from the say-hi-to-Vir-Cotto-for-me dept.
In 2069, if all goes according to plan, NASA could launch a spacecraft bound to escape our solar system and visit our next-door neighbors in space, the three-star Alpha Centauri system, according to a mission concept presented last week at the annual conference of the American Geophysical Union and reported by New Scientist. The mission, which is pegged to the 100th anniversary of the moon landing, would also involve traveling at one-tenth the speed of light.
Last year, Representative John Culberson called for NASA to launch a 2069 mission to Alpha Centauri, but it was never included in any bill.
Meanwhile, researchers have analyzed spectrographic data for the Alpha Centauri system and found that small, rocky exoplanets are almost certainly undiscovered due to current detection limits:
The researchers set up a grid system for the Alpha Centauri system and asked, based on the spectrographic analysis, "If there was a small, rocky planet in the habitable zone, would we have been able to detect it?" Often, the answer came back: "No."
Zhao, the study's first author, determined that for Alpha Centauri A, there might still be orbiting planets that are smaller than 50 Earth masses. For Alpha Centauri B there might be orbiting planets than are smaller than 8 Earth masses; for Proxima Centauri, there might be orbiting planets that are less than one-half of Earth's mass.
In addition, the study eliminated the possibility of a number of larger planets. Zhao said this takes away the possibility of Jupiter-sized planets causing asteroids that might hit or change the orbits of smaller, Earth-like planets.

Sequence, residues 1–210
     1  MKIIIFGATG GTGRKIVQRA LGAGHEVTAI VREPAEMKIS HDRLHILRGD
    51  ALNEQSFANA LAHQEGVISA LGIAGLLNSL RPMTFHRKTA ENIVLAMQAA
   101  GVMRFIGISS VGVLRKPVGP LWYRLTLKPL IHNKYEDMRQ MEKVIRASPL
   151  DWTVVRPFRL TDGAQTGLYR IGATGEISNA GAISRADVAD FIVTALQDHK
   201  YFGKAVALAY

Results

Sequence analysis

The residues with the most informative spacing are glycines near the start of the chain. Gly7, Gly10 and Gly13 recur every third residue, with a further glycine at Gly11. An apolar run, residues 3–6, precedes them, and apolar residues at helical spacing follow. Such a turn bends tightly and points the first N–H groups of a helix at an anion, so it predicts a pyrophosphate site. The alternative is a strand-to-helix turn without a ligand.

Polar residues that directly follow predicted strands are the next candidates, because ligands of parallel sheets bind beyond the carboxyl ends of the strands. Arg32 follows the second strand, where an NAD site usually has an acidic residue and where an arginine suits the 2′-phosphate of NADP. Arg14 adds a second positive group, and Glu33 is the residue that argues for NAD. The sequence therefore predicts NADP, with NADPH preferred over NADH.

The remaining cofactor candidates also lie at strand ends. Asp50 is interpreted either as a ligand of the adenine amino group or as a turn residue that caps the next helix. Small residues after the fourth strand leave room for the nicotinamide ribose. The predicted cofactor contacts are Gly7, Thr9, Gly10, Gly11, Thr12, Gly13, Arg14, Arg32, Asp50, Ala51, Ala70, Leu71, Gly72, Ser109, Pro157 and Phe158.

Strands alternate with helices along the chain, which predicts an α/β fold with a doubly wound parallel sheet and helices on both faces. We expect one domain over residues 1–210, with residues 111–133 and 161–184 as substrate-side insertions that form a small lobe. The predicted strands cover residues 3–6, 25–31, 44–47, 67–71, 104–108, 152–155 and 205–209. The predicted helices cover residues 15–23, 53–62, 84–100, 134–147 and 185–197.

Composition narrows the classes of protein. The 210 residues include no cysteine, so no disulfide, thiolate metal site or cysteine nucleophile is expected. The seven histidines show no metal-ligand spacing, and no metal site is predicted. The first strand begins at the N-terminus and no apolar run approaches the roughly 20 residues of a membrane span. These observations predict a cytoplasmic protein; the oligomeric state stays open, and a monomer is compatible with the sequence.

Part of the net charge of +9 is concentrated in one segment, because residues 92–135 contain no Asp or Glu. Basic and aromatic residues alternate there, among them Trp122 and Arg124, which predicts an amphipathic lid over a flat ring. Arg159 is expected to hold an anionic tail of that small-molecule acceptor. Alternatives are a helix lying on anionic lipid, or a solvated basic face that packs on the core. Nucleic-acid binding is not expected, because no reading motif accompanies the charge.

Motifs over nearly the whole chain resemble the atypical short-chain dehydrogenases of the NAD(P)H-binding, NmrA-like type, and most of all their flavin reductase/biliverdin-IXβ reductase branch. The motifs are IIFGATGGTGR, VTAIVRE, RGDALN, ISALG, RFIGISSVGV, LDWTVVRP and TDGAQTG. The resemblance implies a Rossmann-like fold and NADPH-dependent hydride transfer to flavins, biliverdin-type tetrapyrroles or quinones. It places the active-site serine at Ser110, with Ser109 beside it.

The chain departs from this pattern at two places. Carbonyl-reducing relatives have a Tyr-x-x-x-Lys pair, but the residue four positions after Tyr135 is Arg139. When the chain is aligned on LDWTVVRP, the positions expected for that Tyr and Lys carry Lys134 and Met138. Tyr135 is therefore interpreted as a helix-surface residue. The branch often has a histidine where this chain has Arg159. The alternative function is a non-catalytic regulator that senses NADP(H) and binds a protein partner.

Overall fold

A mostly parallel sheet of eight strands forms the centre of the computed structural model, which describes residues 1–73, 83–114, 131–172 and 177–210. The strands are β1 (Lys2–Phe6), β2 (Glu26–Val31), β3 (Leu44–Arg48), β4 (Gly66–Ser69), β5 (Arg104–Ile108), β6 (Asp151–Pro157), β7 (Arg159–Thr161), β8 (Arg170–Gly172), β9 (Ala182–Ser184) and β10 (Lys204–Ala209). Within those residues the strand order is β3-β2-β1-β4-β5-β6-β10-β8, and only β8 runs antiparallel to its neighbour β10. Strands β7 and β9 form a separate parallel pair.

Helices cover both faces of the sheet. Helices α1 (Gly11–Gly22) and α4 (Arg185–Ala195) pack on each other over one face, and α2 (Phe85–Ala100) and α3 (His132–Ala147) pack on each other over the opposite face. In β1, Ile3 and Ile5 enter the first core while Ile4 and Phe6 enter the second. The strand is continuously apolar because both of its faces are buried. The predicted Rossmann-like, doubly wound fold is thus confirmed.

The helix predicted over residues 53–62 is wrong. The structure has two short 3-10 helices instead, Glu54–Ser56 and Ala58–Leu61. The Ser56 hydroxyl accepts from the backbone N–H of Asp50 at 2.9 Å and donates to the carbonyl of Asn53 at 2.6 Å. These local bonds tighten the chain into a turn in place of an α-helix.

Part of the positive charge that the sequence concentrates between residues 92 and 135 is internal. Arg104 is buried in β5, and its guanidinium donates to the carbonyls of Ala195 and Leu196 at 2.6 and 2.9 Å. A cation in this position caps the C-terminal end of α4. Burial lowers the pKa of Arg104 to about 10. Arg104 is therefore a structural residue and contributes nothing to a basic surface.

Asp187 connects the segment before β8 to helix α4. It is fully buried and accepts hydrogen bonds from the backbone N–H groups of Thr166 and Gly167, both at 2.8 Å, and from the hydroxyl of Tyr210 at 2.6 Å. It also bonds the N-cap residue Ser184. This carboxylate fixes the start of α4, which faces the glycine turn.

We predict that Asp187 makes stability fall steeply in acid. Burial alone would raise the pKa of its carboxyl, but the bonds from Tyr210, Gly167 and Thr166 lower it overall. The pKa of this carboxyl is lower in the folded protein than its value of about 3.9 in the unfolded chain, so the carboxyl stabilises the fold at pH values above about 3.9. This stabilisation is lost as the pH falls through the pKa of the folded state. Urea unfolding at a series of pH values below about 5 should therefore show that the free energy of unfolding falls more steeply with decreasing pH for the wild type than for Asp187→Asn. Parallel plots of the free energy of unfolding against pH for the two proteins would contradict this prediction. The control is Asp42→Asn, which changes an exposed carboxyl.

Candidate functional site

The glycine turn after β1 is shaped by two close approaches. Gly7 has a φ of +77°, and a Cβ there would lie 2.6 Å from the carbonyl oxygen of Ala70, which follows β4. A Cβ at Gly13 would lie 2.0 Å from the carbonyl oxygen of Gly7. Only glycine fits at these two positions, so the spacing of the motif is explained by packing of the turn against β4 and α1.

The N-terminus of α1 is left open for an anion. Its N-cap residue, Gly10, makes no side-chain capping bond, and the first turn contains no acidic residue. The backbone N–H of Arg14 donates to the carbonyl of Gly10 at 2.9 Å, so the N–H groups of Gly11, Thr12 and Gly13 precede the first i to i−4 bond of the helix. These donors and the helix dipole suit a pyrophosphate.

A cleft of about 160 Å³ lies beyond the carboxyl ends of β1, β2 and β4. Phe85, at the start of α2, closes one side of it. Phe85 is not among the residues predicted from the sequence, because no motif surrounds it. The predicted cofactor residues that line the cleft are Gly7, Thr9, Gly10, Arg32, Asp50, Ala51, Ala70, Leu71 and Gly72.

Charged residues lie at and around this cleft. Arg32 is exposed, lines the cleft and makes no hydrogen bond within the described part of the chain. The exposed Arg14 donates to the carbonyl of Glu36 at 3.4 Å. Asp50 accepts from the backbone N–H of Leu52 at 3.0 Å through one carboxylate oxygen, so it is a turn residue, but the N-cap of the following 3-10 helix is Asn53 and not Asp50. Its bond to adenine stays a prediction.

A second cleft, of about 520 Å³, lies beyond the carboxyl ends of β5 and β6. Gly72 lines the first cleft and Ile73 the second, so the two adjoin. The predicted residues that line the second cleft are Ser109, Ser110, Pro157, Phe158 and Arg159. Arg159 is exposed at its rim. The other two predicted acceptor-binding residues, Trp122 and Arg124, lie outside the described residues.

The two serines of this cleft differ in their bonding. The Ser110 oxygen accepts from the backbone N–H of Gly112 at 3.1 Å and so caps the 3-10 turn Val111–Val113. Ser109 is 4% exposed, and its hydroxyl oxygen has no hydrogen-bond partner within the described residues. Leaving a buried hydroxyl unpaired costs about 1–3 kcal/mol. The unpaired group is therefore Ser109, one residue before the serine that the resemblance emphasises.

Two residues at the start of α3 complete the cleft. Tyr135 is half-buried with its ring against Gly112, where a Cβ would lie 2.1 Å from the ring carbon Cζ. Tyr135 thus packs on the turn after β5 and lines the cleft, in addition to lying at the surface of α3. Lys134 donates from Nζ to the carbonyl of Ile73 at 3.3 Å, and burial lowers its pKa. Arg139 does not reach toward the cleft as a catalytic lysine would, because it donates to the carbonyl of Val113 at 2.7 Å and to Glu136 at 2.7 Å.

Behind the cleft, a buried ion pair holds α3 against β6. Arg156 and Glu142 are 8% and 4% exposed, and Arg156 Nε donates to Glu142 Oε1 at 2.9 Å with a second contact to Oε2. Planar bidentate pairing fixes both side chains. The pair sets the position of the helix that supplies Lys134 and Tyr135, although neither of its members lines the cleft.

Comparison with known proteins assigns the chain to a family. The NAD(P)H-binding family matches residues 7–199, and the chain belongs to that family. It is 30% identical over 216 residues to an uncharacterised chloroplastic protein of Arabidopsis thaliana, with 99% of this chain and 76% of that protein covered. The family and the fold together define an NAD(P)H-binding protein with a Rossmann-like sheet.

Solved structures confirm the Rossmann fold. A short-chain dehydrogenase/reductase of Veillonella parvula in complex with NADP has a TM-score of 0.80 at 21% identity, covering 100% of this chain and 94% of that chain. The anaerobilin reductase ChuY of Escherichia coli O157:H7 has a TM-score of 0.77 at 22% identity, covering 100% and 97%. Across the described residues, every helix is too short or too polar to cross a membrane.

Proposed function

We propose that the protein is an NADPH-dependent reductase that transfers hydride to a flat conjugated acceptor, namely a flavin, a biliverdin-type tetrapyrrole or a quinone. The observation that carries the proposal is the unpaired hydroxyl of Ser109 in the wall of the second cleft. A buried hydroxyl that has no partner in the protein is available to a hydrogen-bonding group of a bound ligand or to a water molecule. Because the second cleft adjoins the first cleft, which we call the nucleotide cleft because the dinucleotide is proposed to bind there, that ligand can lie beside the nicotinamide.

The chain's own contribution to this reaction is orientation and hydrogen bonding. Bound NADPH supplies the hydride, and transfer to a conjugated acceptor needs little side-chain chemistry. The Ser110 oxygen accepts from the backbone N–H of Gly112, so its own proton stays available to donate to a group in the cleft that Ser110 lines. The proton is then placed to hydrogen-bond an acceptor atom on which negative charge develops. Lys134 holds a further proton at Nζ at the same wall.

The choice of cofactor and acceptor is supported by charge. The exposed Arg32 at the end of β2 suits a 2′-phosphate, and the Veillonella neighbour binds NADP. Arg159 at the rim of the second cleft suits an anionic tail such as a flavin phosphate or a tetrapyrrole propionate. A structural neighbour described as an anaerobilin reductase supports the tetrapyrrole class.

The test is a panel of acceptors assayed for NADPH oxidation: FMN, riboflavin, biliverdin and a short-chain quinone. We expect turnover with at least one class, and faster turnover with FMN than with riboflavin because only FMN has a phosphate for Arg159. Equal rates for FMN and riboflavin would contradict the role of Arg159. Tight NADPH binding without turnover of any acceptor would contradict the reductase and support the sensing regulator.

(For comparison, Saturn is ~95 Earth masses, Neptune is ~17, Uranus is ~14.5, and Mars is ~0.1.)
Researchers have written about some of the challenges involved in building a light sail suitable for Breakthrough Starshot, a project that would accelerate a gram-scale "chipcraft" using lasers so that it could travel interstellar distances in just decades:
A team of researchers at the California Institute of Technology has taken a hard look at the challenges facing efforts to carry out the Breakthrough Starshot project. In their Perspective piece published in the journal Nature Materials, the researchers outline the obstacles still facing project engineers and possible solutions.
The light sail would need to be made of a lightweight but reflective material able to withstand being bombarded by gigawatts of photons without melting. Graphene doesn't qualify. Many of the materials the researchers evaluated have only been studied in their bulk forms, rather than thin films, which can have different properties.
The Starshot Breakthrough Initiative established in 2016 sets an audacious goal of sending a spacecraft beyond our Solar System to a neighbouring star within the next half-century. Its vision for an ultralight spacecraft that can be accelerated by laser radiation pressure from an Earth-based source to ~20% of the speed of light demands the use of materials with extreme properties. Here we examine stringent criteria for the lightsail design and discuss fundamental materials challenges. We predict that major research advances in photonic design and materials science will enable us to define the pathways needed to realize laser-driven lightsails.
Also at Ars Technica.